I also learned that “couple style”, where couples (normally younger people) wear matching outfits or have aspects of their outfit that match when they go someplace like a theme park or observation deck, is big in South Korea (and super cute!). I learned that public transportation etiquette is huge (no eating/drinking, talking loudly, or seat hogging). I learned that respect for anyone older than you, especially grandparent-age people is of high-priority too. I may have had ideas about some of these things before coming from trip planning and country research, but actually seeing how things are done gave me a greater understanding of how Korean culture and society work in everyday life.

The Ice Museum is located as a separate exhibit within the Trick Eye Museum. Visitors can explore a room fill of ice and ice carvings including a real slide, carved ice animals, and life sized ice sculptures of chairs, tables, and even a bed.
Namsan Tower: One of this tower’s features is its collection of love locks which line the railings of an observation deck. Visitors can purchase a lock from a vending machine or bring their own and write a note on it.
Insadong Line friends are from the messaging app Line (like what’s app) and have cute little characters which can be seen around Seoul.
Insadong is a popular shopping district in Seoul and features hundreds of small shops selling everything from food, to souvenirs, to clothing, and everything in-between.
Lotte Tower is owned by the Lotte company (the owners of Lotte World) and offers the highest observation deck in Seoul, Korea.
Support of idols in Kpop & kdramas stars is commonplace and almost everywhere within the Subways in Seoul. Super fans will pay to have signs put up in honor of their idols birthday or just in support. RM, a rapper and one of the seven members of BTS is seen here.

From an academic standpoint, having this semester canceled made me re-evaluate what I want out of my college education. I could graduate on-time if I took a few summer classes and didn’t go abroad again. Or, I could graduate a semester late and experience Seoul again. I know this option isn’t feasible for everyone. Yet, for me, what I have learned abroad and can learn abroad provides more outlets for personal, academic, and professional growth than simply staying at home can offer.

I never got to set foot in an actual Korea University classroom, but I did get to call the campus “home” for a short while.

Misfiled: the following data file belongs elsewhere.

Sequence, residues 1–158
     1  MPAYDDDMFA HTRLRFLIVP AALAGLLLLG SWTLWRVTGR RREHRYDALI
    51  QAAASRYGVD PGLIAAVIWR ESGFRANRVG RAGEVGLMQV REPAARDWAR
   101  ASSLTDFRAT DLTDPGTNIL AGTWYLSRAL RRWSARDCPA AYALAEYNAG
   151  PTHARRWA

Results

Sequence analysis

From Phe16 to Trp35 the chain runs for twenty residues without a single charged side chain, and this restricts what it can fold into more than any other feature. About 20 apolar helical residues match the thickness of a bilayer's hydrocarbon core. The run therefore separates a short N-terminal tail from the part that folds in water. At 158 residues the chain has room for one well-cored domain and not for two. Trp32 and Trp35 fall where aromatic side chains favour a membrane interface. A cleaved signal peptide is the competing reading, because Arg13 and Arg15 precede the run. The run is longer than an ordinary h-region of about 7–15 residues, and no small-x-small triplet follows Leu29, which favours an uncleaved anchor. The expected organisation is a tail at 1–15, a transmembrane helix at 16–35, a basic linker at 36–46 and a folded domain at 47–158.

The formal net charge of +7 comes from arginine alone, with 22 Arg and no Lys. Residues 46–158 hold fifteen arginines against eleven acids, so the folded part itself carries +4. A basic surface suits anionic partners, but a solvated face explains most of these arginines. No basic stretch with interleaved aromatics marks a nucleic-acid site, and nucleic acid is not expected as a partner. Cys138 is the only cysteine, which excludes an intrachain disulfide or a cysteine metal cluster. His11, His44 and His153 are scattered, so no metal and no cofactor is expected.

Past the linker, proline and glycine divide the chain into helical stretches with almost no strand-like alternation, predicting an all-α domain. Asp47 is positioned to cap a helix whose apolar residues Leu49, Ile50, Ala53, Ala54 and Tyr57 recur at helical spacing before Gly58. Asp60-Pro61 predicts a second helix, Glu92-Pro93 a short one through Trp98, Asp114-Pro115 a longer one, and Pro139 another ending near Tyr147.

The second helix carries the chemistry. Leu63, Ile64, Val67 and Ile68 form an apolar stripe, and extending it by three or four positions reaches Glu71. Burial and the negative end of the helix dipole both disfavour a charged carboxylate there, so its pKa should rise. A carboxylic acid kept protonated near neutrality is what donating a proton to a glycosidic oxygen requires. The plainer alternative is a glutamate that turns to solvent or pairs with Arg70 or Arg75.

Decorative flags and banners line the main walkways of Korea Universities campus.
As space is limited in Seoul, buildings often house many things on different floors of the buildings as can be seen here.
Korea Universities main colors are deep red and gold with a tiger as the mascot. The university was established in 1905.

KU CJ International House: This dormitory is one of several options available for visiting students, exchange students, and local students alike.

Sure, I wasn’t learning conventionally– visiting tourist places, eating lots of street food, interacting with locals, and navigating the subway doesn’t qualify as academia. However, I was learning in a way which allowed me to connect more with how life truly is in Seoul and with the people who live there. The total time I spent in South Korea was short: roughly 8 days from landing to takeoff. I may not have seen everything I wanted to or photographed as much as I wanted to (even though my SD cards say otherwise). Regardless, I LOVED my time in Seoul. If anything, having to leave so soon only makes me want to come back for a semester again even more.

Thank you, Seoul, for not disappointing and for remaining my top place to visit and learn from, I can’t wait to come back!

A colored lantern hangs by the wall of the local shrine and temple in Anam near the university.

 

Lauren Kerr is a student at University of Tulsa and an ISA Photo Blogger. She studied with ISA in Seoul, South Korea.